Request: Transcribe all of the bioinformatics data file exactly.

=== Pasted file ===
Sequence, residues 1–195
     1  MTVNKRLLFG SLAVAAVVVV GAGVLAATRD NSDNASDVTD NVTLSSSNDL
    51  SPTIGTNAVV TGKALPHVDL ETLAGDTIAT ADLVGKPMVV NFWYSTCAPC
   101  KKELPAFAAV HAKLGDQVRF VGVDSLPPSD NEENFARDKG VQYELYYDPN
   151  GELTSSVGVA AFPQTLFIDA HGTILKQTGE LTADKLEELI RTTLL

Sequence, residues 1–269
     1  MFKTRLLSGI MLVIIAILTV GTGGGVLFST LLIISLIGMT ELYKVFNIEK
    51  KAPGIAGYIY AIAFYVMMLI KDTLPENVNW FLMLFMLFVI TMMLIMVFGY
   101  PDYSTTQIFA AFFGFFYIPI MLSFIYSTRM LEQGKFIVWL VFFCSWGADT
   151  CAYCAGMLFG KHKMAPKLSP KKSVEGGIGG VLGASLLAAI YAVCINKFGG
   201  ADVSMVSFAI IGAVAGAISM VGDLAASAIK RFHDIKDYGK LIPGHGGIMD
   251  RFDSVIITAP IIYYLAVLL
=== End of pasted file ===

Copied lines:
Sequence, residues 1–195
     1  MTVNKRLLFG SLAVAAVVVV GAGVLAATRD NSDNASDVTD NVTLSSSNDL
    51  SPTIGTNAVV TGKALPHVDL ETLAGDTIAT ADLVGKPMVV NFWYSTCAPC
   101  KKELPAFAAV HAKLGDQVRF VGVDSLPPSD NEENFARDKG VQYELYYDPN
   151  GELTSSVGVA AFPQTLFIDA HGTILKQTGE LTADKLEELI RTTLL

Sequence, residues 1–269
     1  MFKTRLLSGI MLVIIAILTV GTGGGVLFST LLIISLIGMT ELYKVFNIEK
    51  KAPGIAGYIY AIAFYVMMLI KDTLPENVNW FLMLFMLFVI TMMLIMVFGY
   101  PDYSTTQIFA AFFGFFYIPI MLSFIYSTRM LEQGKFIVWL VFFCSWGADT
   151  CAYCAGMLFG KHKMAPKLSP KKSVEGGIGG VLGASLLAAI YAVCINKFGG
   201  ADVSMVSFAI IGAVAGAISM VGDLAASAIK RFHDIKDYGK LIPGHGGIMD
   251  RFDSVIITAP IIYYLAVLL